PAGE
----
Distributed web-based systems are inherently complex. They’re composed of many moving parts — web servers, databases, load balancers, CDNs, and many more — working together to form an intricate whole. This complexity inevitably leads to failure. Understanding how this failure happens (and how we can prevent it) is at the core of our job as operations engineers.
In his influential paper How Complex Systems Fail, Richard Cook shares 18 sharp observations on the nature of failure in complex medical systems. The nice thing about these observations is that most of them hold true for complex systems in general. Our intuitive notions of cause-and-effect, where each outage is attributable to a direct root cause, are a poor fit to the reality of modern systems.
In this post, I’ll translate Cook’s insights into the context of our beloved web systems and explore how they fail, why they fail, how you can prepare for outages, and how you can prevent similar failures from happening in the future…
One of the inevitable joys of working in DevOps is “the page” — that dreaded notification from your alerting system that something has gone terribly wrong…and you’re the lucky person who gets to fix it.
Here at Scalyr, we’ve got a few decades of collective DevOps experience and we’ve all been on the receiving end of a page. Even though we do our best to avoid being woken up, it happens.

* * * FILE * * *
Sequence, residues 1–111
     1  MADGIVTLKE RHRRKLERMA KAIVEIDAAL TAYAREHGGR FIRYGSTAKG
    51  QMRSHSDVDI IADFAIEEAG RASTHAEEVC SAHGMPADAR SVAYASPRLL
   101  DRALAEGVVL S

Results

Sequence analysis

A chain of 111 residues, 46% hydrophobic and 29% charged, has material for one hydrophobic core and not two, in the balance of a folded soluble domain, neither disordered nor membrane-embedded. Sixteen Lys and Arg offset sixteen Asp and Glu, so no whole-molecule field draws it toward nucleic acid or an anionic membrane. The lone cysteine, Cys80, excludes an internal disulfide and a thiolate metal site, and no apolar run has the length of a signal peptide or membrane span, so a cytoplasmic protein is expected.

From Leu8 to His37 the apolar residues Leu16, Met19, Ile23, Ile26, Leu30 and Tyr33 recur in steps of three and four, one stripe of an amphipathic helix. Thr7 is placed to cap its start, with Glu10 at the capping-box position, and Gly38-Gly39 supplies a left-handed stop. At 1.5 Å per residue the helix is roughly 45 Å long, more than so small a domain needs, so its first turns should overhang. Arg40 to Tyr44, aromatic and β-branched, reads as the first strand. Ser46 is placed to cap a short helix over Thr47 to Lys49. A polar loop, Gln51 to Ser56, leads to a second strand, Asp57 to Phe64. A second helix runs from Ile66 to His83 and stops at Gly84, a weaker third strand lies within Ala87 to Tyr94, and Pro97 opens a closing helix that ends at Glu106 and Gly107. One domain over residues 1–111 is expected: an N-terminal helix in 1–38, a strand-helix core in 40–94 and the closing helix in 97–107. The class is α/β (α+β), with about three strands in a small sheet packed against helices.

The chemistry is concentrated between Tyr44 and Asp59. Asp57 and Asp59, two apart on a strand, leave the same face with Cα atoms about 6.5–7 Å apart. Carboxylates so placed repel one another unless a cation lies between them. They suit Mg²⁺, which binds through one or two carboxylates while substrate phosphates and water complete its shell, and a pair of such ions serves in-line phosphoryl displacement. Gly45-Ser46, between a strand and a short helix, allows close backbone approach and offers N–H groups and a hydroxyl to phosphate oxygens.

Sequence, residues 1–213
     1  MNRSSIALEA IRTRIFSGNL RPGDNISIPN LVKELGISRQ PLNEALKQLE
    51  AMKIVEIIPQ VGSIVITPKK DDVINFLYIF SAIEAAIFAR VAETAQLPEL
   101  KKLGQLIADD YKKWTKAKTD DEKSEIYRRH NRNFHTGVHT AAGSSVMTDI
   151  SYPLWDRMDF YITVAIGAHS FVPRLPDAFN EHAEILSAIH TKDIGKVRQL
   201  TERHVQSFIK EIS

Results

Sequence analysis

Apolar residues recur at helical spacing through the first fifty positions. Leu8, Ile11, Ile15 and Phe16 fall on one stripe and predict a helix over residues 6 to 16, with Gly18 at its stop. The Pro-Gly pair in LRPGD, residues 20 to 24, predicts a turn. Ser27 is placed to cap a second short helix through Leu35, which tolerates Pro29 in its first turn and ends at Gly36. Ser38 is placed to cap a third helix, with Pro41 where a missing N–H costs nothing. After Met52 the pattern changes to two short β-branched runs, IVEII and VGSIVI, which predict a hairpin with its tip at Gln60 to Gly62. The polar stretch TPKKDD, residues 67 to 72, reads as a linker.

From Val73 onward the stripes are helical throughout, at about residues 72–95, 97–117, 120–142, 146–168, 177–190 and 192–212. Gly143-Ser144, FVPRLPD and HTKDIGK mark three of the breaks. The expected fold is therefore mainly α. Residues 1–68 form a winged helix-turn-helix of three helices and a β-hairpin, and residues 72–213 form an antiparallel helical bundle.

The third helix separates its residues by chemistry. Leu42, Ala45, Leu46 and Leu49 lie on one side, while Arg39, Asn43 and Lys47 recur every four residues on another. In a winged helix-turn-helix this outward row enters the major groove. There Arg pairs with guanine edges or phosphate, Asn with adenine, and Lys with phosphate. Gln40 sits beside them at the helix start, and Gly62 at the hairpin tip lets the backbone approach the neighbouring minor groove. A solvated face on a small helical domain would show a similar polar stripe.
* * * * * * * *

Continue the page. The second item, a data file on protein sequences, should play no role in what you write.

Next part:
In this post, we’re going to put some of that experience to use and show you how to handle an incident the right way. You’ll learn not only how to fix the immediate problem, but how to grow from the experience and set your team up for smooth sailing in the future.
We’ve added a lot of features to the New UI this month and we’re excited to share them with you. If you haven’t given it a try, now is a great time to join the large body of Scalyr users who have switched over.
New UI to become default on October 10th
Last year we began a ground-up rewrite of the Scalyr interface. Our goal was to preserve the speed and power that made people love Scalyr, while making it easier to learn, quicker to use, and – let’s face it – easier on the eyes.
We’ve been testing this new UI (appropriately dubbed….the New UI) over the past few months and steadily making improvements along the way. We’re now ready to jump into the deeper end of the pool:
We’ll be flipping the switch to make the New UI the default choice starting on October 10th. (Note – The original UI will still be available for a while, but you’ll have to enable it on a per-session basis.)
If there’s a reason you prefer our original UI or are hesitant to switch, please let us know! We’re working hard to make this an easy transition.